Spence stopped Ugas in the 10th round of their fight, adding a third world title to his collection. The fourth belonged to Crawford. There had been talk for years about a fight between these two pound-for-pound list denizens. It would take some more time, and more negotiating, to finally get them in the same ring.

In the meantime, Crawford would meet and beat David Avanesyan. Spence’s team looked at a fight with Thurman. That fight didn’t happen. Spence was in another car crash, this one not his fault, but rather caused by another driver hitting Spence’s vehicle.

“I don’t believe in tune-ups. They’re not with my pedigree, fighting someone I know I’m supposed to beat and I know it’s a showcase fight,” Spence was quoted as telling ES News at the start of 2023. “And I feel like the fans deserve it, too. They don’t want to see me fight a bum dude or a showcase fight. They wanna see me fight the best of the business.”

That’s what fans got when Spence and Crawford finally reached an agreement. They met in July 2023. Crawford had been more active; his win over Avanesyan had taken place less than eight months beforehand. Spence hadn’t fought in more than 15 months, dating back to the Ugas bout.

After Spence lost, there were those who wondered whether the inactivity was a factor. It very well may have been. Spence said afterward that his timing “was a little bit off,” though that could have just as much to do with Crawford’s expertise as with Spence’s ring rust.

To Spence, at least, inactivity has never been an excuse. This quote from May 2023 — in response to another question about tune-ups — applies nevertheless to this situation:

“You have an 8-10 week training camp. If I ain’t good enough in that 8-10 weeks, then shit,” Spence said. “I got 8-10 weeks to prepare for a fight. Sparring, and getting ready for a fight. I should be on point. It shouldn't take me another fight for me to be sharp and on point.”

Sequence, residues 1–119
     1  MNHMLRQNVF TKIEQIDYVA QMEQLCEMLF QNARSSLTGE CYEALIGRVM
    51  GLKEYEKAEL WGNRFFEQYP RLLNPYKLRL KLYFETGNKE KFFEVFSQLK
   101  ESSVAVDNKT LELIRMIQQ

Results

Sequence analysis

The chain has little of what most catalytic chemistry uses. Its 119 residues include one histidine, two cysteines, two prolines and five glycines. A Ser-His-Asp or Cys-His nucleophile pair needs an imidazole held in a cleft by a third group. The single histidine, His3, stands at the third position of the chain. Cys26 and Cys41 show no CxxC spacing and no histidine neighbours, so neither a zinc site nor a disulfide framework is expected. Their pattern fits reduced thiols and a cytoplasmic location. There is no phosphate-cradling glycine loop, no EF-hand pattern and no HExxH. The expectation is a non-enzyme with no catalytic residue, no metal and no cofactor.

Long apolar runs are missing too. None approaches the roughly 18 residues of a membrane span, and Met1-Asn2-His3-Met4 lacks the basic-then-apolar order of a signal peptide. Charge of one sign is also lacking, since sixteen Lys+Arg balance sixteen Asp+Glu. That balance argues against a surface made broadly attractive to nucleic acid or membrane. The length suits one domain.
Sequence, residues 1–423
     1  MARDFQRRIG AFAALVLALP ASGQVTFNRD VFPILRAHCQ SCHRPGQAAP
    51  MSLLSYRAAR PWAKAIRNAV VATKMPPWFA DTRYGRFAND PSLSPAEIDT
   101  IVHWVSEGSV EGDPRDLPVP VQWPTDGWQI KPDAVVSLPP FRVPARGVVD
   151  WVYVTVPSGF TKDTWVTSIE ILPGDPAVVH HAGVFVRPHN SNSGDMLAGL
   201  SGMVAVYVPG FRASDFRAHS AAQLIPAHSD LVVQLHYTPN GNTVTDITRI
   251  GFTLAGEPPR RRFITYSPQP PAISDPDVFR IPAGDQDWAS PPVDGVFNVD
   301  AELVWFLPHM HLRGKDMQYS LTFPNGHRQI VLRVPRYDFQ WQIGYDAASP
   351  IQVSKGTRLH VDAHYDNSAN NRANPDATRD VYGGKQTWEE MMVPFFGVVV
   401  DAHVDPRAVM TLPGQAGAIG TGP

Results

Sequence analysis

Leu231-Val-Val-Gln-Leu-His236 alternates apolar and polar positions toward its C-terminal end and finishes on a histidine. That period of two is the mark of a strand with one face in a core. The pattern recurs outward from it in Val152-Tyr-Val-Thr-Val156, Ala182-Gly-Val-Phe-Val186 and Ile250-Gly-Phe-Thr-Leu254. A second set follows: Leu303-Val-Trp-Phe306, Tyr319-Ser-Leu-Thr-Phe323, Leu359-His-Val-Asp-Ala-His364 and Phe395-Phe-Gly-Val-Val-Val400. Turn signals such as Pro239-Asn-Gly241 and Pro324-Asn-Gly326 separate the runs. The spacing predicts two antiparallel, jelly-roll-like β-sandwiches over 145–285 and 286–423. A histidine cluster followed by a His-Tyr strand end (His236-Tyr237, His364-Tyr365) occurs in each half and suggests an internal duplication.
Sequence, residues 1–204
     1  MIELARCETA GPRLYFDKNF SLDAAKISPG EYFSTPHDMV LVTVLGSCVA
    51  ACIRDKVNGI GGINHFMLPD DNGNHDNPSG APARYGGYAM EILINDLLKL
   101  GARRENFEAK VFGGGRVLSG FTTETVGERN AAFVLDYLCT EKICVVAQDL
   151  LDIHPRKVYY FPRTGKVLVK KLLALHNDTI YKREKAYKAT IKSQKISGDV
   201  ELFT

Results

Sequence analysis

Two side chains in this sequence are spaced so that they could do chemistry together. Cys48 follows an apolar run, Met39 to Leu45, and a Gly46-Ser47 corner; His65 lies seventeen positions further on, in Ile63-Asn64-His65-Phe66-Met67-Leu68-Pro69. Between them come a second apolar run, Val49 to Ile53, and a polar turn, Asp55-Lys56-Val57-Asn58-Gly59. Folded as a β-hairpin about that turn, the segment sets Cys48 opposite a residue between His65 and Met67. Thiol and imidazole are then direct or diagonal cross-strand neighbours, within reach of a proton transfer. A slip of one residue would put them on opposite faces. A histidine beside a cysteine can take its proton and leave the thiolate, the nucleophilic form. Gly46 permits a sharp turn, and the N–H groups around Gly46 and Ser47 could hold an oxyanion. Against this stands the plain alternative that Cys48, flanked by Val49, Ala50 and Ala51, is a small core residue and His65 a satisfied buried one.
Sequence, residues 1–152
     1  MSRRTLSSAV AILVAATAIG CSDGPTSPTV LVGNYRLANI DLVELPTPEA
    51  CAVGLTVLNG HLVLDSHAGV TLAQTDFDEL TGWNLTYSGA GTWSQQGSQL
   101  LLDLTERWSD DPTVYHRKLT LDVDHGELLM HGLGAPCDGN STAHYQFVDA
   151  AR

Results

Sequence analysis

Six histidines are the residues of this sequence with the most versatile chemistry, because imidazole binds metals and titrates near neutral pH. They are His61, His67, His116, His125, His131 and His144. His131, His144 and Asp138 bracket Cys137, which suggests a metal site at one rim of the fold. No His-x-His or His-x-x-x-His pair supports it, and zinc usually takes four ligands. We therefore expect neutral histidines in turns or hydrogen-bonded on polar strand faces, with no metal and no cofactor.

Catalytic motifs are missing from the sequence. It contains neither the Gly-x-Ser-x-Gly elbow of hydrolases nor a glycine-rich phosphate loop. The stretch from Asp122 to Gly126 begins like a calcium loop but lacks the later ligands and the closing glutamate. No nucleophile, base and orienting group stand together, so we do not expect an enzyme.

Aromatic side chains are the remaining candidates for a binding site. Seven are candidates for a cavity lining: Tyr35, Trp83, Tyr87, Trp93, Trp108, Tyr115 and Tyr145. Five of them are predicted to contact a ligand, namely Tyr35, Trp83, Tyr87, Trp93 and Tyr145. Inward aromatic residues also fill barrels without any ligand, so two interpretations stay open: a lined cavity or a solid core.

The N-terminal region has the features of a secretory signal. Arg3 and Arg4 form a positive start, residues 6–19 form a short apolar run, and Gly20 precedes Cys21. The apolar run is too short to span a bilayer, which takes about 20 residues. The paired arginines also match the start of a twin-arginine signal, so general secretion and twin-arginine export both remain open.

Spence’s approach isn’t shared by everyone. And that’s fine. Fighters and their teams have different perspectives and prerogatives. We’ve heard plenty of boxers talk about how they felt in the ring after a lot of time away, how there’s a difference between the rounds they got in training camp and the rounds once the bell rings on fight night. We’ve seen fighters thrive when they are more active. We’ve also seen fighters come back rejuvenated after time off.

Just because someone is the exception — and that exception is exceptional — doesn’t mean it should be the standard. For example, a fighter who battles through a serious injury in a fight deserves our praise. That doesn’t mean a fighter who opts to call it a night is deserving of criticism.

For Spence, his approach remains the same even if his situation is different. He’s coming off his first pro loss. He’s 34, an age that is considered the tail end of when most boxers are in their prime. Fighters in this era, even when they’re completely healthy, are far less active than boxers from previous eras. This opportunity is available. Spence is taking it. Even if taking it means taking a chance.

Inactivity. The potential of lingering damage, physical or mental, from the loss to Crawford. A new weight class. A new trainer. An unorthodox opponent. Then there’s the cataract surgery Spence underwent earlier this year. And some have wondered whether the car crash, plus the wear and tear accumulated during a career in combat sports, have left Spence more faded than he’s willing to admit.

That makes it seem like the deck is stacked against Spence. Perhaps Spence is gambling that the cards will still be dealt in his favor. Or that he’s doing his own part to better the odds.

It’s possible that Spence will be reinvigorated at 154, given seven pounds of relief on the scales. 

It’s possible that the loss will add even more motivation, a reality check for a fighter who recognized he hadn’t been living like a boxer should.

It’s possible that he will be inspired by a new weight class, a new set of opponents and challenges to overcome, and that perhaps beating one of these new challenges can set up a rematch with an old one if Crawford tops Madrimov.

All of this is a combination of speculation and supposition. The only thing that matters is proof.

Spence’s career as a professional prizefighter has been about realizing his potential, about a boxer who lost in the 2012 Olympics but was believed to be better suited for the paid ranks, about a fighter who was bestowed the nickname “The Truth” and proceeded to back that up.

Spence earned three of the four world titles at welterweight and turned out to be no worse than the second best at 147 pounds, defeated only by one of the most talented boxers of this generation.

Is he still “The Truth”? The truth is we won’t know until October. Neither will Spence. Depending on when exactly the fight with Fundora is scheduled for, that’s still four to five months away. 

All the more reason to forgo a tune-up. One way or the other, we’ll have answers about Errol Spence before the end of 2024. Whether he wins or loses, we’ll move on to the next question:

“What’s next?”

Follow David Greisman on Twitter @FightingWords2. His book, “Fighting Words: The Heart and Heartbreak of Boxing,” is available on Amazon.